Bob Kroll, president of the Minneapolis Police Federation, said the majority of those testifying were Noor’s trainers or educators in the police academy, according to the Star Tribune.

When prosecutors question the witnesses, they will likely ask how Noor was trained for a situation such as the one involving Damond, said Ramsey County Attorney John Choi, who is not involved in the case.

“And then you’re asking yourself what would a reasonable officer do under those circumstances with that training,” Choi told the newspaper.

The officers were summoned to testify before the grand jury Tuesday.

Noor’s partner, Officer Matthew Harrity, witnessed the shooting and has been subpoenaed to testify. Noor has not spoken to investigators.

Hennepin County Attorney Mike Freeman had previously said he would no longer use grand juries in police shooting cases because they lack transparency. He has declined to confirm a grand jury is investigating the Damond case, citing the secrecy of such proceedings, but said he still intends to make his own decision on whether to charge the officer.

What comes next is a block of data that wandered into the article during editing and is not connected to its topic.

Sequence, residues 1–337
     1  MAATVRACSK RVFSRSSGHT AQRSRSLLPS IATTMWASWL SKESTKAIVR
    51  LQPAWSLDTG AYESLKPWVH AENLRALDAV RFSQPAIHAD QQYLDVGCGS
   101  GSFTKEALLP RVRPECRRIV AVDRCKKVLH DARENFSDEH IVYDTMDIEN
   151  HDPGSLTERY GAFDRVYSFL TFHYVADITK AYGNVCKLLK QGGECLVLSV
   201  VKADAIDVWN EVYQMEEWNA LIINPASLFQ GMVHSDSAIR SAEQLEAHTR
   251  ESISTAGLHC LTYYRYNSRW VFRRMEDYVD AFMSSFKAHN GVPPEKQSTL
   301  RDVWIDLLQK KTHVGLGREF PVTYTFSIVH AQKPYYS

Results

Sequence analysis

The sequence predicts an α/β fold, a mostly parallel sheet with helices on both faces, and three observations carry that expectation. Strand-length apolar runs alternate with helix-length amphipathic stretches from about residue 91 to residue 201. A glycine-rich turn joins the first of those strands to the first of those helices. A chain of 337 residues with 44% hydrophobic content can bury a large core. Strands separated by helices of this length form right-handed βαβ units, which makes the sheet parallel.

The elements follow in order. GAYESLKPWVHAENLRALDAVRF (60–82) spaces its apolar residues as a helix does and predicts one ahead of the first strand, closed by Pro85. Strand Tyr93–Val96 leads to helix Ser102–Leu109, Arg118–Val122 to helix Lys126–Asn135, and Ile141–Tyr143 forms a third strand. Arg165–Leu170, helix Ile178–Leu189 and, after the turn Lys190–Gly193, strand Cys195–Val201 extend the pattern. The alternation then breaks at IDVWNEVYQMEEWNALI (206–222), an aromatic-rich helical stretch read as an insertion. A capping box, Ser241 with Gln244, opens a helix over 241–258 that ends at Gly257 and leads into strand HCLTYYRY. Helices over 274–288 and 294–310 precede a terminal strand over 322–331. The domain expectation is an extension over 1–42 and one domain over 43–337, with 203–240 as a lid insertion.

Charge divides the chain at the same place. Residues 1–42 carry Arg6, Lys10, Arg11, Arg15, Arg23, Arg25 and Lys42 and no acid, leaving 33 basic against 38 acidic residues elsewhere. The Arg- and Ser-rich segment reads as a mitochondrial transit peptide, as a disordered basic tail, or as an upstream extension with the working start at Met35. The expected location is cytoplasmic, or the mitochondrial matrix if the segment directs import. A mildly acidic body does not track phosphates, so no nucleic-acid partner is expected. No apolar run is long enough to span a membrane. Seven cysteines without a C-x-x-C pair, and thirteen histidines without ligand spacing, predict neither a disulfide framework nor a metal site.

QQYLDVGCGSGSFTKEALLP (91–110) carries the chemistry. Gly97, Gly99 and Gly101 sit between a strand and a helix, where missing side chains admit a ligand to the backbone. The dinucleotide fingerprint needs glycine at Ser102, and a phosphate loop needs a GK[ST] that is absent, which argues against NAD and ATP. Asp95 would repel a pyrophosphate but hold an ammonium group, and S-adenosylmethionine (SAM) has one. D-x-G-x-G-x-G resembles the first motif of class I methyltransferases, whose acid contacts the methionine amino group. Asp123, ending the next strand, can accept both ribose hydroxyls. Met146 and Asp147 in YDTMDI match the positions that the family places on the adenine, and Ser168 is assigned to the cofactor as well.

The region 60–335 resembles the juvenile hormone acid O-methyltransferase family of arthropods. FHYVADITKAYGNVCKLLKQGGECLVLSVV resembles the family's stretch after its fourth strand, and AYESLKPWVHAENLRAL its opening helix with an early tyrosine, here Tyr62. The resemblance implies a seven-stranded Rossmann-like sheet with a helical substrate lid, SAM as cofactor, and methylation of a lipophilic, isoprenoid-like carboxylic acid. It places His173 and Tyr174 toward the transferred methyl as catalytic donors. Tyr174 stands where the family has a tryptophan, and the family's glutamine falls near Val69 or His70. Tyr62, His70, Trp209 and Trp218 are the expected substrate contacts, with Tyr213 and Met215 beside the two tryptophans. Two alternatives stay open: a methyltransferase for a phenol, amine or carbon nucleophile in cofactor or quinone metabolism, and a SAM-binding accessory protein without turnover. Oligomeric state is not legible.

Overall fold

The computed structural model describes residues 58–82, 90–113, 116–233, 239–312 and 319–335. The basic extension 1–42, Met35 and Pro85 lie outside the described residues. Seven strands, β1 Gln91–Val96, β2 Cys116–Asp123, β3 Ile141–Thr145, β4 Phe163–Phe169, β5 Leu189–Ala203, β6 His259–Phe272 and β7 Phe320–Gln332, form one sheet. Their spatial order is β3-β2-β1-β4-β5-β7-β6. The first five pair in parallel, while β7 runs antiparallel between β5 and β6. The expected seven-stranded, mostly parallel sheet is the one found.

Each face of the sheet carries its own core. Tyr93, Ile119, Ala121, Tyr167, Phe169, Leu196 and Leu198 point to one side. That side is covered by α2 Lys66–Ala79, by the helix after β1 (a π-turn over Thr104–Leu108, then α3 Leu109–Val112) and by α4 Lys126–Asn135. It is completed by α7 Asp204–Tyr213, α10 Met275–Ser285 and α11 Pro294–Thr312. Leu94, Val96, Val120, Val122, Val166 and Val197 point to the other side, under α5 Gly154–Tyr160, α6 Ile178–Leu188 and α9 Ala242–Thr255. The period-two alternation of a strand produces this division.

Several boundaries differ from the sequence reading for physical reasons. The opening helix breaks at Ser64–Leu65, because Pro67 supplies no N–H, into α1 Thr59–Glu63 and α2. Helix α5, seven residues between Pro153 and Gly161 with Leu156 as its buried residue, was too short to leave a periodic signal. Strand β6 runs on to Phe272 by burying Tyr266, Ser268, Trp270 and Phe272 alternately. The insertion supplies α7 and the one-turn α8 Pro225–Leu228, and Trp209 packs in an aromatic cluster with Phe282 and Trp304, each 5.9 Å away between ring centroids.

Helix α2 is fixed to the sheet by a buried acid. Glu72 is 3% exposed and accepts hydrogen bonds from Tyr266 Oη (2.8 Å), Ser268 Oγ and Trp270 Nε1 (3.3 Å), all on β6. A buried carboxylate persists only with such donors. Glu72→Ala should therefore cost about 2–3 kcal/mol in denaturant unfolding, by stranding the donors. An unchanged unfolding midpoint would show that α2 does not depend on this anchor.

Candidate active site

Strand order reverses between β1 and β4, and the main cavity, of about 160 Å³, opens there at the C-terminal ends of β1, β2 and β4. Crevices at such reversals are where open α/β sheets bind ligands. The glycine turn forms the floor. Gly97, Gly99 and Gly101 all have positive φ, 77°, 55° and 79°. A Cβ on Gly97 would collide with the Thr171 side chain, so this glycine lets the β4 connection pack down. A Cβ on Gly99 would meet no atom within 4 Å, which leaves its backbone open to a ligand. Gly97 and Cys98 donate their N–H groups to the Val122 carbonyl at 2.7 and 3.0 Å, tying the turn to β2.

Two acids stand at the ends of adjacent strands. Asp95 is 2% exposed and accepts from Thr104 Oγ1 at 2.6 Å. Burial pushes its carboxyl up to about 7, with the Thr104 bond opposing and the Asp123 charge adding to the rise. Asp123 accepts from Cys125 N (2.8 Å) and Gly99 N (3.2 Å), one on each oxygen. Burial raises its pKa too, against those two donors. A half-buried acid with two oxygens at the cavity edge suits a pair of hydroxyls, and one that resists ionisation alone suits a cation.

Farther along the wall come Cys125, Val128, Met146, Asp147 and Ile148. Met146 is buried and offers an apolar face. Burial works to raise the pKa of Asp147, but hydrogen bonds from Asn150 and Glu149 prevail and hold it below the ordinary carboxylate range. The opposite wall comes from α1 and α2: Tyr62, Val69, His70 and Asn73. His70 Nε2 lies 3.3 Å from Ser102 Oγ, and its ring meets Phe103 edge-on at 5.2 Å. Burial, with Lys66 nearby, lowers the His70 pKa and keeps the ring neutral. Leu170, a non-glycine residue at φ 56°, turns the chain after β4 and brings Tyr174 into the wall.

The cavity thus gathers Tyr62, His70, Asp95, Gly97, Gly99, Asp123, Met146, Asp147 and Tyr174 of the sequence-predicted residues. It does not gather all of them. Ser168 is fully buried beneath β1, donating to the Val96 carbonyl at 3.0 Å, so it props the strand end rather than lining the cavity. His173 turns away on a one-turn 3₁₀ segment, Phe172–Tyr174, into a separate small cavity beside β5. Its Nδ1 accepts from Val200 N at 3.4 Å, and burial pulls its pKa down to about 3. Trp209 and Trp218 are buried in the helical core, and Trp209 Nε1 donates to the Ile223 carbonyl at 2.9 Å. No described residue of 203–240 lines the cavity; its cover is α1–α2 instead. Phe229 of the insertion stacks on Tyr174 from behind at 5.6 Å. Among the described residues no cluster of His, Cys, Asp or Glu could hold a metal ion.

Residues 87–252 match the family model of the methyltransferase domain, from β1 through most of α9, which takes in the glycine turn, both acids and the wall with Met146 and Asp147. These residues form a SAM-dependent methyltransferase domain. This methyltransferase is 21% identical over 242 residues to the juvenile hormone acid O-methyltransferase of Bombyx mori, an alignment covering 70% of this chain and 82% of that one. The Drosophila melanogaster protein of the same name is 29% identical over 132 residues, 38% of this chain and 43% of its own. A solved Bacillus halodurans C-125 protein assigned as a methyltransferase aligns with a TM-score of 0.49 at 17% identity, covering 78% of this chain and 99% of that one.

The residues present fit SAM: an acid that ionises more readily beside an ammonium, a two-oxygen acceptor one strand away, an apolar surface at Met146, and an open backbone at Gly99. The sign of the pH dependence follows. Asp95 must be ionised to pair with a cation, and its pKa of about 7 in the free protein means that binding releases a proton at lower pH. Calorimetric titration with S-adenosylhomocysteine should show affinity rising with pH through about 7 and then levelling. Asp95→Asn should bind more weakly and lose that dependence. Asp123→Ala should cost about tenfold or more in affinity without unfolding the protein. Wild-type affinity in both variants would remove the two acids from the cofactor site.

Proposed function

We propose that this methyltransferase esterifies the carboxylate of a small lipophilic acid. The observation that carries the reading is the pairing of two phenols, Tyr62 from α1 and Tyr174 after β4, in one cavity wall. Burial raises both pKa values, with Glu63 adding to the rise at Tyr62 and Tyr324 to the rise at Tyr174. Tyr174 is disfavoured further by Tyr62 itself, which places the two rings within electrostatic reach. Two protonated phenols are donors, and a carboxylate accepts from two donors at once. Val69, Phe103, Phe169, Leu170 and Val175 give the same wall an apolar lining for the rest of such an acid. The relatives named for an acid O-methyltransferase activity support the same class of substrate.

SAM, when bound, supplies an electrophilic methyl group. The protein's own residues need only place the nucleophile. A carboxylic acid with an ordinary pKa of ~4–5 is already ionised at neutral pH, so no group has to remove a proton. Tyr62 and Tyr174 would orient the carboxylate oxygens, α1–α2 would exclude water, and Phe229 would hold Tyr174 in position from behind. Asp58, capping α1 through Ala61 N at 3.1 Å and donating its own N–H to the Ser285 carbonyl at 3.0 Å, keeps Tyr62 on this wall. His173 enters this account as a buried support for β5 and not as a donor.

The move to use a grand jury became public after officers received subpoenas and about a month after Freeman said he didn’t have enough evidence and more investigation was needed.

Harrity, Noor’s partner, has told investigators that he was startled by a loud noise right before Damond appeared at the driver’s side window of their police SUV on July 15. Harrity, who was driving, said Noor then fired his weapon from the passenger seat and through the open window, shooting Damond.

Damond, who was unarmed, died of a gunshot wound to the abdomen.

Freeman would be required to prove Noor’s actions in shooting Damond were “culpably negligent” if he were to pursue manslaughter charges under Minnesota law, according to experts. He also needs to prove Noor’s actions were objectively unreasonable at the time.

“If he’s acting outside of his training, then the level of justification is diminishing,” Choi said. “If you get information that says he did exactly what they told him to do, then there’s more justification.”